As I mentioned during our last earnings call, our margin targets are progressive, which means we expect to achieve higher operating profit margins as sales increase. In a higher inflationary environment, where relatively larger portion of the sales increase is due to price realization, there’s less operating leverage, which makes the delivery of those progressive margins more challenging. Andrew will provide more information about our operating profit margin targets. Moving to slide 6; we generated ME&T free cash flow of $5.8 billion for the full year, which was in line with our Investor Day range of $4 billion to $8 billion.

We returned $6.7 billion to shareholders or 115% of ME&T free cash flow, which included $4.2 billion in repurchased stock and $2.4 billion in dividends to shareholders. We remain proud of our dividend aristocrat status and continue to expect to return substantially all ME&T free cash flow to shareholders over time through dividends and share repurchases. Now on slide 7, I’ll share some high level assumptions on our expectations moving forward. While we continue to closely monitor global macroeconomic conditions, overall demand remains healthy across our segments, and we expect 2023 to be better than 2022 on both top and bottom line. Just to remind you, our internal measure of profitable growth is absolute OPACC dollars.

We believe increasing absolute OPACC dollars will lead to continued higher total shareholder returns over time. We expect to achieve our updated adjusted operating profit margin targets and ME&T free cash flow target range of $4 billion to $8 billion during 2023. Now I’ll discuss our outlook for key end markets this year, starting with Construction Industries. In North America, overall, we see positive momentum in 2023. We expect non-residential construction in North America to grow due to the positive impact of government-related infrastructure investments, healthy backlogs and rental replenishment.

Although residential construction continues to moderate due to tightening financial conditions, it remains at a healthy level. In Asia-Pacific, excluding China, we expect growth in Construction Industries due to public infrastructure spending and supportive commodity prices. As we mentioned during our last earnings call, weakness continues in China in the excavator industry above 10 tonnes. We expect it to remain below 2022 levels due to low construction activities. In EAME, business activity is expected to be about flat versus last year based on healthy backlogs and strong construction demand in the Middle East, offset by uncertain economic conditions in Europe.

Construction activity in Latin America is expected to be flat to slightly down versus the strong 2022 performance. In Resource Industries, we expect healthy mining demand to continue as commodity prices remain above investment thresholds. That said our customers remained capital disciplined. We anticipate production and utilization levels will remain elevated and our autonomous solutions continue to gain momentum. We expect the continuation of high equipment utilization and a low level of park trucks, which both support future demand for our equipment and services.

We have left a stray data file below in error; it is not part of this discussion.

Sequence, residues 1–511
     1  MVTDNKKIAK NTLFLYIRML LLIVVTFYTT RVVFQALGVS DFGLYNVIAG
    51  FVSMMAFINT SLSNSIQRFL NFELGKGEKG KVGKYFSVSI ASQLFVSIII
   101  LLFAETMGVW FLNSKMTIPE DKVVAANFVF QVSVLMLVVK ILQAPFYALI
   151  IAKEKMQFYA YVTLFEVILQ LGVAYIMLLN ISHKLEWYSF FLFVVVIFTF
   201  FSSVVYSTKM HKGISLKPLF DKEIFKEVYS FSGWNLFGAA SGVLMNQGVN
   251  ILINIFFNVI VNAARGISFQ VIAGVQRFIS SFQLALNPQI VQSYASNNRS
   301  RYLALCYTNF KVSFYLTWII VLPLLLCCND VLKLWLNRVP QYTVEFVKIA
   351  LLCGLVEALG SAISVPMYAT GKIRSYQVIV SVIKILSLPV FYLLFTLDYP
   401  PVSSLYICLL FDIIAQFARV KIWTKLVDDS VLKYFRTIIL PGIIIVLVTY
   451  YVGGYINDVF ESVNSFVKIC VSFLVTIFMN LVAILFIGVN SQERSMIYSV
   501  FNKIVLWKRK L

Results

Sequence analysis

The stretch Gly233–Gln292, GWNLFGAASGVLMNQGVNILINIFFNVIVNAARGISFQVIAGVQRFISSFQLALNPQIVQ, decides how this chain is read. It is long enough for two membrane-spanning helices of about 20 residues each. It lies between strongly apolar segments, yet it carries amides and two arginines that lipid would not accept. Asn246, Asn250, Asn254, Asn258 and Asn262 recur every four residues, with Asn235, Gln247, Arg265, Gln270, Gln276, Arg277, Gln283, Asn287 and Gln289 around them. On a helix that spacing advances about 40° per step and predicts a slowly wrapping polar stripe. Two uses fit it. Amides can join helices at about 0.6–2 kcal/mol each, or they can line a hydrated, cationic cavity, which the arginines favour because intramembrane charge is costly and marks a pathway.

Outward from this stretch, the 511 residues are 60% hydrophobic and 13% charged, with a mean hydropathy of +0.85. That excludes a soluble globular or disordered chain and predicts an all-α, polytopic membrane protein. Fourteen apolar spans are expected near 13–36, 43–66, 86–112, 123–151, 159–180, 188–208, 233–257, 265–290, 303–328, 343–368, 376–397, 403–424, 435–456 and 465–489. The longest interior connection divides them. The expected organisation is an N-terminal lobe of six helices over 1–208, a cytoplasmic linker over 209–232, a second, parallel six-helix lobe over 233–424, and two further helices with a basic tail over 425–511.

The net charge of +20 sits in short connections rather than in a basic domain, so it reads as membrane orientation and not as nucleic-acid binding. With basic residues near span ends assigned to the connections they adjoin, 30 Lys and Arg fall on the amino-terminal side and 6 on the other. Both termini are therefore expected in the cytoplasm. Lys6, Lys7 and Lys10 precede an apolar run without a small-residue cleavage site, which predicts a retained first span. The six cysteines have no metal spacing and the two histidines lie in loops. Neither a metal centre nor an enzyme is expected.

We continue to believe the energy transition will support increased commodity demand, expanding our total addressable market and providing opportunities for profitable growth. In heavy construction and quarry and aggregates, we anticipate continued growth, supported by infrastructure and major non-residential construction projects. In Energy & Transportation, we expect sales growth due to strong order rates in most applications. In oil and gas, although customers remain disciplined, we are encouraged by continued strength in demand and order intakes for the year.

New equipment orders for Solar turbines continue to be robust. Power generation orders are expected to remain healthy, including data center strength. Industrial remains healthy with momentum continuing for 2023. In Rail, North American locomotive sales are expected to remain muted. We anticipate strength in high speed marine as customers continue to upgrade aging fleets. During the fourth quarter we took in a $925 million non-cash goodwill impairment charge related to our Rail division, which is part of the Energy & Transportation segment. The impairment was primarily driven by a revision in our long-term outlook for the company’s locomotive offerings.

We believe opportunities exist for new locomotives, overhauls, repowers and modernizations, but at lower levels than previously forecasted and occurring over a longer time horizon. In addition to the goodwill impairment charge, we also incurred restructuring cost of $180 million in the quarter, primarily related to non-cash inventory adjustments within this division. Importantly, our rail services, including track signaling [Phonetic] and freight car remain robust. Progress Rail plays an integral part in supporting and maintaining rail infrastructure in countries around the globe and rail remains one of the most efficient ways of transporting goods across the land.

We will continue to offer Tier 4 solutions to our customers. However, strategic investments in new locomotive products will continue shifting to competitive, sustainable solutions that help customers meet their carbon reduction initiatives, including hybrid, full battery electric and alternative fuel power sources, including hydrogen. These alternative power solutions for rail will leverage modularity and scale across Resource Industries, Construction Industries, and Energy & Transportation. We believe these enterprise-wide investments will provide Caterpillar with a strategic advantage over time.